For my hair to grow. For the coffee to perk. For two pink lines to show up in the little window. Christmas. Sunshine. Vacation. Weight to drop. Husband to come home. Quitting time. Nap time. Dinner time. The snow to melt, the roads to clear, the cookies to cool. The glue to set, the paint to dry. The checker to check, the waiter to wait, the reader to read. The words to come. Nighttime. Daytime. The mail to come. Good news. Bad news. Any news.
We are writers; we spend much of our lives in the Waiting Place. (Thank you, Dr. Seuss.)
I was nine years old when I sent off my first story. It was about a pair of orphans, a brother and a sister, who lived in a tree. My mother read it when I wasn't looking and lamented: how could I write such a sad story? They had hammocks in the tree, I pointed out. And each other. I can't remember how the story ended, but I'm pretty sure I left them in that tree. Yes, sad, but at the time, I thought: brilliant.
I sent it off to Highlights on the sly--I didn't want my mother or anyone else to know I was trying to become a published writer, in case I failed--and haunted the mailbox for weeks. I told my mother I was waiting for a reply to a letter I'd sent to John Schneider, which was true, though I don't know why I thought fan mail to Bo Duke would be any less embarrassing than trying to be a short story-writer for Highlights.
The wait was short in ordinary human time--just a few weeks--but those few weeks dragged on for what felt like years. Not surprisingly, Highlights passed. My first rejection.
Is it the worst part? The waiting?
The hardest time I ever had with this was when the man who would become my agent was reading my novel. He sent me an email about a week after I sent him the ms and said he was "really enjoying it so far" and would be in touch "in a few days," when he finished the book.
Do you know what I did? I actually googled "few" to see what other people thought "few" meant. An unbearable weekend came and passed. I tortured myself by googling the agent and everyone on his client list. It was around Thanksgiving; my kids' activities were suspended, there were family gatherings, Black Friday to celebrate--my mother and I may not agree so much on what constitutes great literature, but we are a formidable shopping team--and every night, there was laundry to fold. This was my allotted worry time. I buried my face in warm towels straight from the dryer. I closed my eyes. I prayed-hoped-worried-waited.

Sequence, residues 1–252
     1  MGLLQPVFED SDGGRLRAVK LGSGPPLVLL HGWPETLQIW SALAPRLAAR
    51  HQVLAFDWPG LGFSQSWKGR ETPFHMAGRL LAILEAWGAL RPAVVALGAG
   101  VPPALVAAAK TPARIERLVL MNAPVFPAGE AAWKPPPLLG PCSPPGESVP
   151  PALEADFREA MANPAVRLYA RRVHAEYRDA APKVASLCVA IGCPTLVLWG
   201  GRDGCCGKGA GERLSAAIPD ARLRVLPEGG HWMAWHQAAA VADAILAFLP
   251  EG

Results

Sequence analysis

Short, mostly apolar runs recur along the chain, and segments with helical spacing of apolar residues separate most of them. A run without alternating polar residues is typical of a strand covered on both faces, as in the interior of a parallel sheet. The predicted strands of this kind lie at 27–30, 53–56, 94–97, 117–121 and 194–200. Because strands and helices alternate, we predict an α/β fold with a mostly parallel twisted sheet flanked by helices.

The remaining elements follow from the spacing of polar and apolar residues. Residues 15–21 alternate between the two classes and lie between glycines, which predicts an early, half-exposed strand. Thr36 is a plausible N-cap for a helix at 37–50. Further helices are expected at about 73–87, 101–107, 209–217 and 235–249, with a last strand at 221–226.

There was a happy ending to this particular waiting season, but it doesn't always work this way, and regardless, the waiting is hell. It turns out that in this arena of the writing life, an obsessive nature--incredibly valuable when you're trying to get a scene right or when you're working on draft number 48 of your novel--is a major handicap.
So, how to get through? I fold laundry. I drink cheap jug wine and watch last season's 30 Rock on Netflix. I call emergency meetings at Panera Bread with my best writing pals. I get up early and run the loop around my house until I'm too weak to worry. I bake. And sometimes, I just give into it: I simply sit at my laptop and hit the refresh tab on my inbox page again and again, hoping, hoping, hoping something will come through. Right now.
The best advice is to get back to work. Plug right back into it, get on with your life, already.
I agree with that. But, I also say this: let yourself hope a little. Whatever it is you're waiting for--and, you're a writer, so I know you're waiting on something--remember, it really could happen today. Celebrate that. Living the writerly life--one where you're actively or at least infrequently submitting--means good news really could happen any second. Somewhere out there, an editor could be reading and loving your story. It could be happening now, as you read these words.
Also, remember that you are a writer but that's not everything. I love writing--I would count it one of the most important things in the world to me--but it's not everything. I was put on this planet to build relationships and to ponder really exciting things, big and small, and writing is a celebration of this--it's a celebration of everything, I think--but it's not everything.
I'm thinking of you today. Whoever you are. I'm thinking of you, there alone in your waiting place--I'm thinking of all the wait-ers--and I'm rooting for you. I'm hoping today is your day.